Public talk: Celebrating World Forests 2020
Forests are the most diverse ecosystems on land. Tropical, temperate and boreal forests offer a diverse set of habitats for plants, fungi, animals and micro-organisms, consequently, holding the majority of the world’s terrestrial species. However, these biologically rich systems are increasingly threatened, largely as a result of human activity. Forest biodiversity is threatened by rapid deforestation, forest fragmentation and degradation, overexploitation and the arrival of invasive alien species. Their sustainable management and use of resources, is key to combating climate change and supporting the well-being of present and future generations.
Today, forest and woodland cover in Uganda stands at 49,000 km² or 24% of the total land area. Of these 9,242.08 km² is tropical rainforest, 350.60 km² are forest plantations and 39,741.02 km² is woodland. 30% of these areas are protected as national parks, wildlife reserves or central forest reserves.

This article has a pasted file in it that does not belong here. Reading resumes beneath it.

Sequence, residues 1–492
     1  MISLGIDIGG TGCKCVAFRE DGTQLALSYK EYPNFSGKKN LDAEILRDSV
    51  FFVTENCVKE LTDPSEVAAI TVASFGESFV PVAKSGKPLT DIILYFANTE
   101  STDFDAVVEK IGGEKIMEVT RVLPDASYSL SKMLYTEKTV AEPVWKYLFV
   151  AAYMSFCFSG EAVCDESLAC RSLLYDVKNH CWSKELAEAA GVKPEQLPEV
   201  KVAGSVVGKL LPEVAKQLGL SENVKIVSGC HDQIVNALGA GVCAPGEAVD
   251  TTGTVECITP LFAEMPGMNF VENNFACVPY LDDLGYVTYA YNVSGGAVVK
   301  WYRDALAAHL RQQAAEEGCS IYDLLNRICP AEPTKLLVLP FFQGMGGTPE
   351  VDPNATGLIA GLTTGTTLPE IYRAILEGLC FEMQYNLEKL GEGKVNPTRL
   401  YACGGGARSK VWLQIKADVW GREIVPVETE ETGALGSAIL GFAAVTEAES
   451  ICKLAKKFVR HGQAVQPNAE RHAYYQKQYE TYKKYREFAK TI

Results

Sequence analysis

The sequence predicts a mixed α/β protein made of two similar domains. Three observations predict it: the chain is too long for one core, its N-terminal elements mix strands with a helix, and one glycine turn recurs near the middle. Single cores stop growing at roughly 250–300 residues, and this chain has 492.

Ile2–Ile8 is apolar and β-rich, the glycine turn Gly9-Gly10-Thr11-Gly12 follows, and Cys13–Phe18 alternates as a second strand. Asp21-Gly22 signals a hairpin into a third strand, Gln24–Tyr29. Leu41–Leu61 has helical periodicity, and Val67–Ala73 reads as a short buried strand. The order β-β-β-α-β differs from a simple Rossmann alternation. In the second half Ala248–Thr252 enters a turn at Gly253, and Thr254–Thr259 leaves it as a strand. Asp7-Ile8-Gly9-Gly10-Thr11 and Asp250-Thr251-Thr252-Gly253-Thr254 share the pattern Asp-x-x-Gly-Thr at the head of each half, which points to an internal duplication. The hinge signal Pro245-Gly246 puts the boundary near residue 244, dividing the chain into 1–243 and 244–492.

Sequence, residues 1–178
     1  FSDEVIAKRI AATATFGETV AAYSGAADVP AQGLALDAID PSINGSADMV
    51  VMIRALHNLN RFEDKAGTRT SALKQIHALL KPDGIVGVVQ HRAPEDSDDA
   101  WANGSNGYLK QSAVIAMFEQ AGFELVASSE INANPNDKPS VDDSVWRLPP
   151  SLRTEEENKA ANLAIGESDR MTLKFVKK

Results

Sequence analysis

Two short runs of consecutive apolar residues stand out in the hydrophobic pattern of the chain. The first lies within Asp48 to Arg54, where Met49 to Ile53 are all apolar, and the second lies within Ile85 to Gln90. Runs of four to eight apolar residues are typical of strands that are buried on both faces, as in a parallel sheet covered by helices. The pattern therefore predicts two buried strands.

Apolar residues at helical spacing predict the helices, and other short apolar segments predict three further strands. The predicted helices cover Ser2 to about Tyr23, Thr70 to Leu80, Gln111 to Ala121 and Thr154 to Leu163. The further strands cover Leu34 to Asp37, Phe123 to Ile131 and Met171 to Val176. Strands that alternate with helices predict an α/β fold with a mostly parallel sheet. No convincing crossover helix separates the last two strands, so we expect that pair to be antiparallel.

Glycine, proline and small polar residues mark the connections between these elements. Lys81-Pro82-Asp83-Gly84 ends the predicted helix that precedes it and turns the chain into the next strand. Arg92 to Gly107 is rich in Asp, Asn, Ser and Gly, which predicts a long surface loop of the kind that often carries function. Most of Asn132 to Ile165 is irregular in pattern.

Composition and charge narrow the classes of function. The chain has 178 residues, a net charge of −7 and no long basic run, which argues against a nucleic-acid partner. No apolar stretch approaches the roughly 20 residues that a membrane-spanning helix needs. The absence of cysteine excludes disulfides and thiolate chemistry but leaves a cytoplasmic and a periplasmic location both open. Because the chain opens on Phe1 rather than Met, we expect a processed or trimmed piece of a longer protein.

Until recently, little attention has been paid to development of commercial forests which should have provided alternative forest products and services to relieve the pressure on natural forests and conserve biodiversity. As a result, Uganda’s natural forests have been degraded, and in many cases, the biodiversity decimated. There is a need for regular monitoring of the status of the forests in terms of areal extent, distribution, biological diversity and ecosystem health.
NatureUganda organized a public talk on the status of Diversity and Conservation of Forests in Uganda in support of International day of forests. It was during this talk, that we launched a Field guide to Forest trees of Uganda authored by Prof. James Kalema and Prof. Alan Hamilton. This public talk was held on Thursday 5th March 2020 at the Uganda Museum.